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The job market is more competitive than ever throughout the UK and new research has revealed that SMEs are struggling to find enthusiastic young candidates for roles, with many not even having any previous work experience.

A new report released today reveals the qualities that bosses look for when hiring young people to join their business.

The new study of 500 business decision makers by Arch Apprentices provided an insight into essential qualities in potential employees. The research uncovered that many think it should be essential for young people to partake in work experience, to give them early involvement in a professional environment.

Almost all of those surveyed (93%) thought that work experience and careers advice should be compulsory in schools.

When hiring young people within their business the majority looked for enthusiasm (74%) – followed closely by a good understanding of the role (61%), relevant work experience (54%) or any work experience at all (34%).

However, further research did show that finding these qualities within young candidates wasn’t always easy. Almost half (43%) admitted that they struggle to find enthusiastic young people to take positions. 39% said that the majority of their applicants have no/very limited experience in the work place and 28% believe that the majority of applicants have irrelevant qualifications.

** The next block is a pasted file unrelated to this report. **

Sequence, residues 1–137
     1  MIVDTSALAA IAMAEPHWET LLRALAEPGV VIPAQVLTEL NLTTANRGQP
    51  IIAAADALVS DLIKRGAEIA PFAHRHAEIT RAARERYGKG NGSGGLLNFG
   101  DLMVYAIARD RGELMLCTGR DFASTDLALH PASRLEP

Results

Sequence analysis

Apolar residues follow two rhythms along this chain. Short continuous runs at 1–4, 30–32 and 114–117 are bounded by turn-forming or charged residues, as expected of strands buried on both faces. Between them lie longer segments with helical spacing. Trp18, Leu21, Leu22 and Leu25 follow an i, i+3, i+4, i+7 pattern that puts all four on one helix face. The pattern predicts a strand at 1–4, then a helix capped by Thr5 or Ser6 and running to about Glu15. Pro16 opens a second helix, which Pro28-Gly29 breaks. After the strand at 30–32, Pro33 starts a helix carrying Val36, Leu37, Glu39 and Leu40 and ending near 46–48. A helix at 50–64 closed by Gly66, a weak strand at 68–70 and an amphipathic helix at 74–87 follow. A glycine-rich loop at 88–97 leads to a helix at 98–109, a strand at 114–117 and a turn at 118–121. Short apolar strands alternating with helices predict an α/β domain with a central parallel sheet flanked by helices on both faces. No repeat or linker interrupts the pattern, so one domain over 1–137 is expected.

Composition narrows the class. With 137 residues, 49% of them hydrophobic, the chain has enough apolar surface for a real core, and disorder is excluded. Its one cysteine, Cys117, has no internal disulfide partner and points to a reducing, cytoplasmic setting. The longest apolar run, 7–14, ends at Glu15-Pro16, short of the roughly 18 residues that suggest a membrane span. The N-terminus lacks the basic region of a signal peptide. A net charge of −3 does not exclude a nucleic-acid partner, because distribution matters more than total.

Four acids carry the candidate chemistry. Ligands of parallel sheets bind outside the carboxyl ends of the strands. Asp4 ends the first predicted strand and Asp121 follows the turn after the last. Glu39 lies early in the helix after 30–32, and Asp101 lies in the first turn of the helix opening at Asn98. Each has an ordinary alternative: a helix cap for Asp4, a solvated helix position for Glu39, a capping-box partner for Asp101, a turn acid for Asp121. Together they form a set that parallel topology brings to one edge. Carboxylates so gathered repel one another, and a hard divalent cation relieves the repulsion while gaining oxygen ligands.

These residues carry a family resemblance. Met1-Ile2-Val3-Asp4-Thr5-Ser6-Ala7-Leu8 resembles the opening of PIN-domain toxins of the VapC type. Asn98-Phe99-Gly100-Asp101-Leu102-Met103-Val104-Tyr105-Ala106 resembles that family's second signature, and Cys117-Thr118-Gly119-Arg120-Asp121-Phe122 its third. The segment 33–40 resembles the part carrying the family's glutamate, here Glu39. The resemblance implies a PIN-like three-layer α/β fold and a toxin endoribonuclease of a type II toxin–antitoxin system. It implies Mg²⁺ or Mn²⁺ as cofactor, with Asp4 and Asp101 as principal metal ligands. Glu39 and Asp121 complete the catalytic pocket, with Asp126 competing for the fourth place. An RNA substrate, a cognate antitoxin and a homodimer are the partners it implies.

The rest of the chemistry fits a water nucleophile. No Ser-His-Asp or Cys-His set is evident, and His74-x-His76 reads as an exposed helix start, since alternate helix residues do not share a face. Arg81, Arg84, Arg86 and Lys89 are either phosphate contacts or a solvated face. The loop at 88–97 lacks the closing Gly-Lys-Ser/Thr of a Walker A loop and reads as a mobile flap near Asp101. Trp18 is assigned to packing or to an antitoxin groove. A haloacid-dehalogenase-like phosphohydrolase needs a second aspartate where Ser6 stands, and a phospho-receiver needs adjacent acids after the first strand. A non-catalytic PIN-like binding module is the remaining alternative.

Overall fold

UK schools haven’t had to offer compulsory work experience since 2012 when the coalition government scrapped the idea. With so many businesses agreeing that work placements should be compulsory, Arch Apprentices are calling on the current government to reinstate meaningful work experience for all children as well as provide up to date advice and guidance about future career options.

prepare them on the types of jobs which are desirable to business, boosting their skills (64%). Over half (57%) also believe that it helps to install a strong work ethic.

Ben Rowland from Arch Apprentice said:

“We have a duty to the young people growing up in this country to provide them with the right information at the right time, to prepare them for a career that is fulfilling, rewarding and in touch with the digital world we now live in.  Compulsory work experience  would go some way to  providing this, but there’s more we can do – employers, parents schools and  training providers need to come together to arm young people with more information about their options  including skills based  apprenticeships, not just university.”

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